By Sam Burnham
There is still stirring in this land a movement that is dedicated to the annihilation of anything that resembles anything traditionally Southern. The movement is hellbent on the destruction of every icon, symbol, every person, anything whatsoever. There must remain no morsel of anything that would suggest that the South had ever been anything more than a carbon copy of the North, but with barbecue - and even that must be acknowledged as racist.
And so we see the current all-out assault on General Robert E. Lee. for over 100 years, Lee has been understood to be one of the finest men this nation ever produced. He was a gifted engineer, a brilliant military tactician, and is also remembered as finishing his life as an educator, beloved by his staff and students alike. He has been honored by American presidents and foreign dignitaries such as Winston Churchill. His tactics are still taught at West Point. As far as his personal integrity and honesty, you'll find no leader in contemporary American politics who can match him. An honest reckoning of his life will prove him to be far more honorable than the majority of his modern detractors.
As a fair and honest assessment of the man Lee must address slavery, I have to say that he was not a "kind" or "benevolent" slaveholder. I say that as I don't believe there is such a thing. There is no way to kindly refuse rights or personal liberty to another human being. The greatest evil in slavery was not the whip. The greatest evil in slavery was slavery itself. It was wrong for Lee to own slaves, regardless of how they were treated. But we must also judge Lee on the morality of his time and not that of our own time. We must look at him with our vision and see where he was right, where he was wrong. We must take that information with the willingness to honor the right and progress our society past the wrong.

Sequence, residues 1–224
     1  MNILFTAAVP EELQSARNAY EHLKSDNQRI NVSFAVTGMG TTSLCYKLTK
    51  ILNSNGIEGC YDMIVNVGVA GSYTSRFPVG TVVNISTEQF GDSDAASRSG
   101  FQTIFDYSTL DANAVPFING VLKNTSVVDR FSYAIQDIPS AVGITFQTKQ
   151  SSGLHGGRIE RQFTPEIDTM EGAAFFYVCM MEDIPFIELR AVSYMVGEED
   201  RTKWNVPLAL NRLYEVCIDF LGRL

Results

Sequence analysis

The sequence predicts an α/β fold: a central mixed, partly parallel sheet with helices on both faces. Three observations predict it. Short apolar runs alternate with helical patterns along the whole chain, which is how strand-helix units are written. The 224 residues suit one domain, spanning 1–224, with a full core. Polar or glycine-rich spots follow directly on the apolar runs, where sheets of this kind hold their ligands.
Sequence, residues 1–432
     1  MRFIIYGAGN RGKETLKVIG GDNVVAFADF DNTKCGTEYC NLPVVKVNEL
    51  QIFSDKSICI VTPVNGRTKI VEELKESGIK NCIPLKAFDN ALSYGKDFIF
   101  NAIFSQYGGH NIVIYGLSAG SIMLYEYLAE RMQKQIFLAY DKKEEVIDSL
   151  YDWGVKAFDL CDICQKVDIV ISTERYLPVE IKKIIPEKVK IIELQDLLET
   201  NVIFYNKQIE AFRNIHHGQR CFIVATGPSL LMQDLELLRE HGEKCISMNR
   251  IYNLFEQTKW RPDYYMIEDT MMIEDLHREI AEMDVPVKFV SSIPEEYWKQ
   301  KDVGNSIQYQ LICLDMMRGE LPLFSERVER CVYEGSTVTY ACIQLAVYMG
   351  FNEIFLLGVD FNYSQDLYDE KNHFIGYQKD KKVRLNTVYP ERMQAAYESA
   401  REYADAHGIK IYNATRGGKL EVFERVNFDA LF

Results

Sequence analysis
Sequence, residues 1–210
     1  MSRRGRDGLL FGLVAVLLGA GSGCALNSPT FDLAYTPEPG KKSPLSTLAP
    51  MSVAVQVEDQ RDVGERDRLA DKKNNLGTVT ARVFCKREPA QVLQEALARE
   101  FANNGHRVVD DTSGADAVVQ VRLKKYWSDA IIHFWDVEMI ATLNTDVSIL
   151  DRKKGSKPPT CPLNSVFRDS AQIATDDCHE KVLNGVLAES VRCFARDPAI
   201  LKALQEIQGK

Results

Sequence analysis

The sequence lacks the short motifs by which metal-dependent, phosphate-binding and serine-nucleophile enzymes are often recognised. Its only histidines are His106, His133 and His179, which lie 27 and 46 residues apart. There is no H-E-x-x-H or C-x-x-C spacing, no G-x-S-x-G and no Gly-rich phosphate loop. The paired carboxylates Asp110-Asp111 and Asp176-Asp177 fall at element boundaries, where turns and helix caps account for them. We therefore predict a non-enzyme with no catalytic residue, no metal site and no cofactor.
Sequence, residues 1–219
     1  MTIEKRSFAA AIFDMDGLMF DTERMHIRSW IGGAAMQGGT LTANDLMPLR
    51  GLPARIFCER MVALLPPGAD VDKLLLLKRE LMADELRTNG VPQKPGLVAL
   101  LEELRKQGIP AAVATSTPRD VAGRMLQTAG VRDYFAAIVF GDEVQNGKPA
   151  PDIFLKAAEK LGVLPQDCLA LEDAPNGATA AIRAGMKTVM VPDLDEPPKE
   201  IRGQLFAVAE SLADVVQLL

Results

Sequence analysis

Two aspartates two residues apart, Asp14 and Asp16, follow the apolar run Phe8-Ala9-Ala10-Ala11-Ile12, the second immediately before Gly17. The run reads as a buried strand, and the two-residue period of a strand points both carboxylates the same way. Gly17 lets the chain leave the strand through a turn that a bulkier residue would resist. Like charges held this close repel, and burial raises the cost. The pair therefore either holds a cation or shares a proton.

There are accusations of treason being attached to him. Yet at Appomattox, where he offered his sword, no such accusation was extended. In fact, no Confederate - politician, officer, enlisted, or civilian would be tied with any such charges. Only Henry Wirz, the immigrant scapegoat of Andersonville, would be convicted on serious charges related to the war. Today the government admits that Wirz was railroaded and his execution was uncalled for, perhaps even criminal.
No, Lee was not a traitor. While we live in an age that subscribes to the "one nation" myth of the United States, "The Union" as we know it now was born from the Civil War. Antebellum men, especially Southerners, understood the importance of home, your state, your friends and neighbors. "The Union" is the same nationalist sentiment that Donald Trump supporters are often labeled with. Lee refused to take up arms against his neighbors, against his family, against his own home. Virginia did not secede until Lincoln had called for states to provide troops to invade and subdue the South. And Lee did not join the south until Virginia had seceded. Contrast this with men like Montgomery Meigs and John C. Fremont, who willfully participated in the killing of their fellow Georgians and the destruction of their property, and I ask, who was the real traitor in this situation?
But here is the endgame in all of this. Lee is not the goal, he is just one more moving of the goal post. 12 months ago, such an open assault on this man would have been thought as odd. But the leftist, anti-Southern movement has reached Lee. Next it will be Washington, and then Madison - and with him, the Constitution he wrote, and Jefferson and the Declaration. It will all have to be updated, properly cleansed of anything "offensive." It is a constant creeping to remove anything American from American history and replace it with what the left wishes for America to become. It is the pig Squealer on the ladder in the night changing the creeds on the barn wall. four legs good, two legs better. It's propaganda. It's lies.
Yes, Robert E. Lee was an honorable man. He was not perfect. In fact, he had one really big flaw. But he remains a fine example of a historic American. He's one we should look to for an example, one we should honor, one we should defend.
Historian, self-proclaimed gentleman, agrarian-at-heart, & curator extraordinaire